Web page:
The backup SG role should belong to Barnes. With small doses going to Ebanks until he can win more minutes.

    Pietrus already accepted his player option for over $5M and there is no way he can come to the Lakers.

    The team will find success from within. It is going to be a process with a shortened season.

    It will be interesting to see the team develop when the season starts.


  2. Darius,

    Small sample size but Trey Johnson seemed to do decently last season. Also wasn’t he the last cut in camp before the season started?

    If Lakers were really hard pressed due to time and money when the season starts, how high are his chances of making the team as the SG back up? He can score and also slide over to PG as needed since he played that in D league. That flexibility would seem to bode well for his chances.

    What would be your assessment of his skills both within Brown’s needs and against the league? Does he have at least average athleticism and IQ?


  3. Sorry for the back to back posts but I got curious and searched for some Trey Johnson info. Here’s his draft express profile

    Seems to be in the same mode as Morris. Not elite quick but decent enough combined with good footwork and smarts around the basket. I like that bit about his jumper and form. Seems like Lakers could do worse than him as the back up PG if they can’t find someone better due to compressed time frame and salary limitations.


  4. Trey Johnson apparently played a few games for the Cavs a couple of years ago. This means Brown has seen this guy in NBA game situations, along with the film of the last game this season. That should give him at least a starting point about this player.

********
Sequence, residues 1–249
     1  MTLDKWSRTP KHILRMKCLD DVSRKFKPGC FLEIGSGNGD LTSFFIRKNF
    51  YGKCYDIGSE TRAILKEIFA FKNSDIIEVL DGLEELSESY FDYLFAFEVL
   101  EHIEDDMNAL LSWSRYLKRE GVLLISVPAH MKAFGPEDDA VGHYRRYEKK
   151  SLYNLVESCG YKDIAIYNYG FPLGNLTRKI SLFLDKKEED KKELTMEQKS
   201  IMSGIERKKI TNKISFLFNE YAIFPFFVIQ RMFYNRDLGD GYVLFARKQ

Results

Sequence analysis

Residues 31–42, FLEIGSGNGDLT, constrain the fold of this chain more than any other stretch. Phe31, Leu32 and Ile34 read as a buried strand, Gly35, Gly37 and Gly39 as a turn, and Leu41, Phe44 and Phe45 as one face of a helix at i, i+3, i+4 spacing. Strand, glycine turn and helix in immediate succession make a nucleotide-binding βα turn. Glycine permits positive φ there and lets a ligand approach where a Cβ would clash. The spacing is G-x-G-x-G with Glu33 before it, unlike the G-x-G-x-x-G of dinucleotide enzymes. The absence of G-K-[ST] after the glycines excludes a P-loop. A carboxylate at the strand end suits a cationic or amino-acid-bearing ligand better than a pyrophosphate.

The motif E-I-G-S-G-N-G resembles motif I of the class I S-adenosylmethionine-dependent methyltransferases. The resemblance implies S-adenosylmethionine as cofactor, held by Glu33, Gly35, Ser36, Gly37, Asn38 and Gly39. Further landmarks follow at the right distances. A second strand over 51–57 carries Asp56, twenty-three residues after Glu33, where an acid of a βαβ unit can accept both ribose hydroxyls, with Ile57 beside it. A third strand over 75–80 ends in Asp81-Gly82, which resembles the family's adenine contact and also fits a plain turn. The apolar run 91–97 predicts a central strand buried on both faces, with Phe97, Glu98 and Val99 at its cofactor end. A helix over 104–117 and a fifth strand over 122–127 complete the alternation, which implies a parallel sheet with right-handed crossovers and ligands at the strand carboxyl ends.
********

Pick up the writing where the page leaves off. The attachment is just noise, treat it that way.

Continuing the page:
With the $ situation very tight and about to get much tighter, I think reevaluating a player already in our system is a wise move.


  5. Best seat I’ve ever had to an NBA game was the Suns-Lakers 3OT thriller back in March. So I had an excellent vantage point for Pietrus’s general disinterest in the game, but sincere attentiveness to the groupies and eye candy in the crowd.

    So yes, I would imagine he’d like to play in L.A.


  6. I’m with Travis on this one. For purely financial reasons, I think the Lakers answer at the backup SG position is going to be found on the current roster.

    There are a number of options, which suggests to me that the role will be much more of a situational one. Where he can, Fisher will probably get the nod against the less speedy SG’s (he already guards them when Kobe grows tired of his inability to defend elite PG’s and defends them himself). Ebanks’ instructions for summer work suggest that he’ll get some action there, as will a healthy Matt Barnes. Throw in Goudelock as a nice option for an offensively-minded backup.

    I’m not saying I like it, but I think financial reality will prevent the Lakers from adding a veteran who would be better than all the internal options, particularly when veteran money will be better spent on a backup for Drew.


  7. I’m of the mind that a cheap alternative could be found outside of the roster. Michael Redd is coming off an obscene payday and has been hurt the past couple of years, but if he’s willing to chase a ring, he’d be fine. He’s on the older side, but a younger player in somewhat of the same predicament is Kelenna Azabuike. Other’s who may be available include former Lakers in Sasha (I’d say no) or Mo Evans (who I liked in his short time here). Willie Green from NOH is also available. The trade of Rudy Fernandez also puts a guy like DeShawn Stevenson in doubt. The now crowded backcourt in Milwuakee may also leave Chris-Douglas Roberts’ status in doubt. I’m just not sold on Ebanks ability to be a natural shooting guard even if it is for only 10 minutes a game. I think he’s a more natural 3, but just my opinion.


  8. Slow offseason even slower with the lockout.